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Journal of Tropical Pediatrics
, Volume Advance Article – Apr 18, 2018

6 pages

/lp/ou_press/correlation-between-perfusion-index-and-crib-score-in-sick-neonates-nHzesiWPpG

- Publisher
- Oxford University Press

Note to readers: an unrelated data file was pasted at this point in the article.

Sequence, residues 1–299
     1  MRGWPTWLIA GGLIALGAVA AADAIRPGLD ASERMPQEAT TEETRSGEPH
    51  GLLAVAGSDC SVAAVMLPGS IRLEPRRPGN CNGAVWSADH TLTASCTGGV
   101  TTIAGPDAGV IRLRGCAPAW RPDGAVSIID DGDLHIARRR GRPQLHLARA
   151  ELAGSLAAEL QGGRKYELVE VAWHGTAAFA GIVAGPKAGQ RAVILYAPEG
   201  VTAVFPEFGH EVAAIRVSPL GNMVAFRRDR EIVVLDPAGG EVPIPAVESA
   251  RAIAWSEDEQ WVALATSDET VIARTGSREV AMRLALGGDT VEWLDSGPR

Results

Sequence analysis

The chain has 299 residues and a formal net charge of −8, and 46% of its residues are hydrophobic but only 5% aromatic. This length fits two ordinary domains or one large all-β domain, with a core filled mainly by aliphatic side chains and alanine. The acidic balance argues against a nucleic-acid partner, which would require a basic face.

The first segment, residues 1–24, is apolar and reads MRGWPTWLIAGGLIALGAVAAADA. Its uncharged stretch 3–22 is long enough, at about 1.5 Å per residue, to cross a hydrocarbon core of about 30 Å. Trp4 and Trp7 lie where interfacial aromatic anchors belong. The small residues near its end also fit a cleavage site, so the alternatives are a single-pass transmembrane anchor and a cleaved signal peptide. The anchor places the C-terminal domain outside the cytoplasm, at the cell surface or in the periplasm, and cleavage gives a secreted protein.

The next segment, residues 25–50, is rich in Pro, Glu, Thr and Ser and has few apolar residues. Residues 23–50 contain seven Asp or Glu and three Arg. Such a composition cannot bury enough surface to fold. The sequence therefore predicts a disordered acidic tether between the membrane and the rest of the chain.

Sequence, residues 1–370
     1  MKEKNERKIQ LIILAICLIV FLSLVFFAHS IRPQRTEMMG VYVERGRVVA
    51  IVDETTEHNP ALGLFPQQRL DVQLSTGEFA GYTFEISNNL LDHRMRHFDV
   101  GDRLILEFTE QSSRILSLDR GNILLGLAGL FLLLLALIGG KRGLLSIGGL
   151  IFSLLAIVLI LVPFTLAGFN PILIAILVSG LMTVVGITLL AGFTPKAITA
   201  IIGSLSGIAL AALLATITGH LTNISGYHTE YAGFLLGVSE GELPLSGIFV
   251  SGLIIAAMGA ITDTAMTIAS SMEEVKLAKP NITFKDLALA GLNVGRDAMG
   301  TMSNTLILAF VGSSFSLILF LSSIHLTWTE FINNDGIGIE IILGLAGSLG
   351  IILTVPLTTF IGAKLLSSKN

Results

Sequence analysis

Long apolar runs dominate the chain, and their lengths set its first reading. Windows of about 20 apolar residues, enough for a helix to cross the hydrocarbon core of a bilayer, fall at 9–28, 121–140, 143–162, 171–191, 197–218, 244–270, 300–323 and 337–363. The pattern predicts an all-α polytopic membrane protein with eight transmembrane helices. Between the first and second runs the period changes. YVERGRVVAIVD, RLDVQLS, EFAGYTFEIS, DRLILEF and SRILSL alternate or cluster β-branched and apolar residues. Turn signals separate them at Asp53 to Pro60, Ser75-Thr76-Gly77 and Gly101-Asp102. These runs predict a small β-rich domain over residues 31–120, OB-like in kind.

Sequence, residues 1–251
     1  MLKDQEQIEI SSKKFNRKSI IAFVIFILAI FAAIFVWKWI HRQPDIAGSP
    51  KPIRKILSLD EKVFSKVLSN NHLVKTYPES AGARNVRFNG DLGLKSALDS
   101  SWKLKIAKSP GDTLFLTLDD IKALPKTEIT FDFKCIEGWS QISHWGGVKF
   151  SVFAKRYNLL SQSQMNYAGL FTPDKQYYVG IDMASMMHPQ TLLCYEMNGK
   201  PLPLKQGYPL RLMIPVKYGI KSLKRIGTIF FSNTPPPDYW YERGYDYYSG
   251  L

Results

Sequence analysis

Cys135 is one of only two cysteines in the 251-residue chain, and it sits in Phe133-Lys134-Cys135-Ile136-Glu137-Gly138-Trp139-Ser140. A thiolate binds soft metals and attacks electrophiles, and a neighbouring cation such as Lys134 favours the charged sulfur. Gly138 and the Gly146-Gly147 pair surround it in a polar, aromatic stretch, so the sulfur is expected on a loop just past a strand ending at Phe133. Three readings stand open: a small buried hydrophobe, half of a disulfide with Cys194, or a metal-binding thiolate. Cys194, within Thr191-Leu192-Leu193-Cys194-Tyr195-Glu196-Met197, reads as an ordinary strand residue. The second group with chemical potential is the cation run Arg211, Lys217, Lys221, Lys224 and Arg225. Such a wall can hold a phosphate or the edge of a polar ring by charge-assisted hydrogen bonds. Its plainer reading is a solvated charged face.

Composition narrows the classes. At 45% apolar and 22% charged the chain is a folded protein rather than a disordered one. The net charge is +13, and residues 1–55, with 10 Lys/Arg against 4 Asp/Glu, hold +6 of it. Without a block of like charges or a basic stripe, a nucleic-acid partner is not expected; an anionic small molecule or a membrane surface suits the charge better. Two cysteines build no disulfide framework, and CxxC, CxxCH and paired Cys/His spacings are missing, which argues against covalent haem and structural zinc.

- Copyright
- © The Author(s) [2018]. Published by Oxford University Press. All rights reserved. For permissions, please email: journals.permissions@oup.com
- ISSN
- 0142-6338
- eISSN
- 1465-3664
- D.O.I.
- 10.1093/tropej/fmy016
- Publisher site
- See Article on Publisher Site